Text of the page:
What Is Retinal Degenerative Disorder?
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Therapeutic Strategies for Retinal Degeneration

Published on Feb 20, 2023 and last reviewed on Apr 26, 2023   -  5 min read


Retinal degenerations are one of the most serious ocular disorders. Treatment modalities like gene therapy can help to cure this disease.


The eyes are one of the essential organs of the human body. They help in visualization and play a vital role in facial esthetics and communications. Some ocular disorders are almost impossible to treat. Retinal degenerative disorders are a group of diseases that may lead to total blindness or incurable conditions.

Retinal degenerative disorders are hereditary progressive disorders affecting one in every 4000 people worldwide. So far, almost 120 genes responsible for these disorders have been identified. Furthermore, different pathogenesis makes the treatment of these conditions a complex procedure. Recent advancements in gene therapy can potentially treat various forms of retinal degeneration. Development in gene therapy is helpful in the early identification of the genetic factor, and replacing defective genes helps eliminate the disease.

What Is Retinal Degenerative Disorder?

Retinal degenerations are X-linked genetic disorders. Different photoreceptor cells are affected as various genes are responsible for these conditions. Based on that, these diseases can be categorized into the following:

1) Rod and Rod-Cone Dystrophies: In this condition, rod photoreceptors or rod cells are affected first, followed by cone cells. These disorders can be categorized into two types:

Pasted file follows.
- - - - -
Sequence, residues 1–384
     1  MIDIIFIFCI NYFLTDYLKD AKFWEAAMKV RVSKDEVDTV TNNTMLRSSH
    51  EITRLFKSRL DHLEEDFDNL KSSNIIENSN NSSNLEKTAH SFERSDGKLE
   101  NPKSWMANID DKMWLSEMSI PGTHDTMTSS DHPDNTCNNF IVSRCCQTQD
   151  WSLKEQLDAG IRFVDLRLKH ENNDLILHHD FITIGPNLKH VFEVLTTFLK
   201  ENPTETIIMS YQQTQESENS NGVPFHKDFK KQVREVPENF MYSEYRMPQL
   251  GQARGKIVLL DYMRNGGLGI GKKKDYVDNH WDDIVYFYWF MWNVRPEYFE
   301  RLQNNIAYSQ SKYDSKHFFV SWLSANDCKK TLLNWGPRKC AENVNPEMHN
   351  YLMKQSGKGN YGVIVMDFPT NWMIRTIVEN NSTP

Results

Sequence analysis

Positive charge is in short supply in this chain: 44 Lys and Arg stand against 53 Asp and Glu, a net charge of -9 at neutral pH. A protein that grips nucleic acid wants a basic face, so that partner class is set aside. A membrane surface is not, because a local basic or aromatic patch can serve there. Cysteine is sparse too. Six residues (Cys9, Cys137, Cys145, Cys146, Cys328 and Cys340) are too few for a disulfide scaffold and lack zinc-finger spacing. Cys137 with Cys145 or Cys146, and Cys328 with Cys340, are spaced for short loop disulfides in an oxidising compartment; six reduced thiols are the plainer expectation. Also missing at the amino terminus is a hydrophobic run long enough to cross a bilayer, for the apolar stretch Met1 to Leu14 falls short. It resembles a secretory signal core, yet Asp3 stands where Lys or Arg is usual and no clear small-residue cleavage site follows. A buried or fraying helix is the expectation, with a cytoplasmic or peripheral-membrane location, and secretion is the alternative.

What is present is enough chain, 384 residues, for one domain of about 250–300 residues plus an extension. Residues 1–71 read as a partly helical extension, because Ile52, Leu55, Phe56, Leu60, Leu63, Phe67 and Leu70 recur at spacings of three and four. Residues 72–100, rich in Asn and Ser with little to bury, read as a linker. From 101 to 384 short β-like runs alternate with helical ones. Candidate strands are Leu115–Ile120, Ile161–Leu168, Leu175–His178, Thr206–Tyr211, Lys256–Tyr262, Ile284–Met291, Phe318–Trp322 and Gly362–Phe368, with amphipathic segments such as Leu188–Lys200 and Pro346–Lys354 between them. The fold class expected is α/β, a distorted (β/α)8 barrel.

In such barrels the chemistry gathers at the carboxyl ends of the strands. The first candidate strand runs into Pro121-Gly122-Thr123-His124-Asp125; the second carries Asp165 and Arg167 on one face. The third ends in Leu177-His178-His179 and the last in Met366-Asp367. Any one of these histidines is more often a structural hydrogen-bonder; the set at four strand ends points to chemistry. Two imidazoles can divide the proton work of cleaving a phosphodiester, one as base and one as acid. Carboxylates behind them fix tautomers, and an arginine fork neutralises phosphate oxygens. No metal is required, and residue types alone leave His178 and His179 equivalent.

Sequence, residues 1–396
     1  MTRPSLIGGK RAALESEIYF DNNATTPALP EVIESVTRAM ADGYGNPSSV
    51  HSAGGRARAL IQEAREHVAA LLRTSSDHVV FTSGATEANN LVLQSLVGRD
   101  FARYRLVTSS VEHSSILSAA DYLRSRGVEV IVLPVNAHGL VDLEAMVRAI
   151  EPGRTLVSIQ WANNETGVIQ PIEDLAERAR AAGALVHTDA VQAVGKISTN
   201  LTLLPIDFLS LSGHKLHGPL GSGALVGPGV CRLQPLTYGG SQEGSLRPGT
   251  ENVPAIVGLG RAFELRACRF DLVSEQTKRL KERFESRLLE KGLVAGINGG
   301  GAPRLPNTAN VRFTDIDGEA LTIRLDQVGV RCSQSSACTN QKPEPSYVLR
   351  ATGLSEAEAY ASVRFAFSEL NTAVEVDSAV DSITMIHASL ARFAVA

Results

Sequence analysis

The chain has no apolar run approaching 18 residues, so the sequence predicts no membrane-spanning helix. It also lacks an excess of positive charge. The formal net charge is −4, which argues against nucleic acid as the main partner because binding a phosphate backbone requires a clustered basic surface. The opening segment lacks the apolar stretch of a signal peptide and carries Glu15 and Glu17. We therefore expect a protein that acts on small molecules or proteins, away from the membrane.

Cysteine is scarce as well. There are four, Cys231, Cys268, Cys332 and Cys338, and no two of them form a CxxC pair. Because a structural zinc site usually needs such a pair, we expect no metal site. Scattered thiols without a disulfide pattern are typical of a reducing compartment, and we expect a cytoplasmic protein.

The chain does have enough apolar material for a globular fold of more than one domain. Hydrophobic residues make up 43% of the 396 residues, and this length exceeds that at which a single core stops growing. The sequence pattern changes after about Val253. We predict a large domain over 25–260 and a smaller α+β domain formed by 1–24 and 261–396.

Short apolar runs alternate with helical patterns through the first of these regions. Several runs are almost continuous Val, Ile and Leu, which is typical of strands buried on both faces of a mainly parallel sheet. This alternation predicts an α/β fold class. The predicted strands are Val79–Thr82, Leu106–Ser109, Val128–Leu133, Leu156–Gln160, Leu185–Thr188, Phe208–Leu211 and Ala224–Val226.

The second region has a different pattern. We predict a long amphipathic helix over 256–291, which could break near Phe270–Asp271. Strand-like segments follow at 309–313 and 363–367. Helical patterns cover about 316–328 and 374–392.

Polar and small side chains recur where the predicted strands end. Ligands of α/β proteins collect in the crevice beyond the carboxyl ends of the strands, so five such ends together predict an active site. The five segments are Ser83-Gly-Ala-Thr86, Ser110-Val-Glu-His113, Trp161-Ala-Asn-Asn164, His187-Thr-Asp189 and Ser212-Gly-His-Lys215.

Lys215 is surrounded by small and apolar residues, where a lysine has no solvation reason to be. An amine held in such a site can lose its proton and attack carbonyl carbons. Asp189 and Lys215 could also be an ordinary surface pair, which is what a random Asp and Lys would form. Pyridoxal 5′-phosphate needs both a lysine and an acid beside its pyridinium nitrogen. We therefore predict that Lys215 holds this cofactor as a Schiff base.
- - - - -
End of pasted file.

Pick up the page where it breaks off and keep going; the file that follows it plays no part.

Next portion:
Retinitis Pigmentosa: This is the most common type of disorder, which is progressive and nonsyndromic. Almost 60 genes have been identified so far as responsible for this condition. 15 % to 20 % of cases are autosomal dominant, 5 % to 15 % are autosomal recessive, 5 % to 15 % are X-linked, and 40 % to 50 % are of unknown inheritance. ROM1 and PRPH2 are two genes responsible for inheritance. Mutations in the gene RHO is one of the main causative factors causing impaired rhodopsin production.

The symptoms of the disease are first observed at a young age, starting with night vision problems and progressing to peripheral vision loss. The clinical features are:

Congenital Stationary Night Blindness: This is a non-progressive type of night blindness. Eleven genes like CACNA1F, CACNA2D4, TRPM1 are responsible for this condition. The clinical findings of this condition are:

  • A golden sheen is present over the retina.

  • The macula is dark.

  • Color vision and visual acuity are normal.

  • Yellow-white dots are present over the fundus.

  • Presence of an abnormal layer of tissue in between retinal pigmented epithelium and photoreceptors.

2) Progressive Cone and Cone-Rod Dystrophies:

In this condition, the cone photoreceptors are involved or affected, followed by rod cells. ABCA4 is the most common gene associated with this disorder. This condition is again subdivided into several types.

Cone Monochromatism: This is an X-linked recessive disorder. Two out of the three cone systems in this condition are either affected or absent. The most common variety is blue monochromatism, where red and green systems are completely absent.

Cone Rod Dystrophy: The clinical presentation is similar to that of retinitis pigmentosa. Common complications include early vision loss, color vision abnormalities, and peripheral vision loss. Fundus examination reveals the following findings:

  • Macular pigmentation.

  • Retinal and macular atrophy.

  • Presence of bone spicule pigmentation.

Achromatopsia: This is an autosomal recessive condition that affects patients from birth. Complete achromatopsia causes a complete loss of visual acuity and red monochromatism. Partial loss of visual acuity can be seen in incomplete achromatopsia. Clinical features of this condition are: